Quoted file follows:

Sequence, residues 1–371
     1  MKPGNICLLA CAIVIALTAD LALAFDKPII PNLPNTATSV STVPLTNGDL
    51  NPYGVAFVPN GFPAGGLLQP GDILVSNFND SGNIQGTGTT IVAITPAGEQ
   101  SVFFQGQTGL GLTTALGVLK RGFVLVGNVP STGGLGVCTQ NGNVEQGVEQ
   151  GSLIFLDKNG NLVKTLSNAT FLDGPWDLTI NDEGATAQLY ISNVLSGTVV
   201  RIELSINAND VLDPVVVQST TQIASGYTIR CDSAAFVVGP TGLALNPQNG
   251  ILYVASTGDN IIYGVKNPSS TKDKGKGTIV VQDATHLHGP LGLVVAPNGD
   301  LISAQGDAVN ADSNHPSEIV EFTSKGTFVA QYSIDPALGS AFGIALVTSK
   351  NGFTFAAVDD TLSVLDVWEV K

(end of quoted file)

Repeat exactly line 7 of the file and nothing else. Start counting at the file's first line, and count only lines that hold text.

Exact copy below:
   251  ILYVASTGDN IIYGVKNPSS TKDKGKGTIV VQDATHLHGP LGLVVAPNGD